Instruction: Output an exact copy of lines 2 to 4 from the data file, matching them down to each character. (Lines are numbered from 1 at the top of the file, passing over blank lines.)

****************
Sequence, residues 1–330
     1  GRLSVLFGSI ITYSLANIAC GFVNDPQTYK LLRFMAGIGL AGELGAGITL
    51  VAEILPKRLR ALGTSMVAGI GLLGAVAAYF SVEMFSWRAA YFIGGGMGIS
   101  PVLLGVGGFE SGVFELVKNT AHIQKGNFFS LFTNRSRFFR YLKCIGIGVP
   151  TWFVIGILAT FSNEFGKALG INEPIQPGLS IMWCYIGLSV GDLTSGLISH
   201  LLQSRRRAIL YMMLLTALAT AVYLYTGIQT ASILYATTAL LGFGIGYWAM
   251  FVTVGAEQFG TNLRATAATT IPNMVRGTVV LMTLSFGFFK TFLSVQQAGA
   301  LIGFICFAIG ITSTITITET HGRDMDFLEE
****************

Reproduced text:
     1  GRLSVLFGSI ITYSLANIAC GFVNDPQTYK LLRFMAGIGL AGELGAGITL
    51  VAEILPKRLR ALGTSMVAGI GLLGAVAAYF SVEMFSWRAA YFIGGGMGIS
   101  PVLLGVGGFE SGVFELVKNT AHIQKGNFFS LFTNRSRFFR YLKCIGIGVP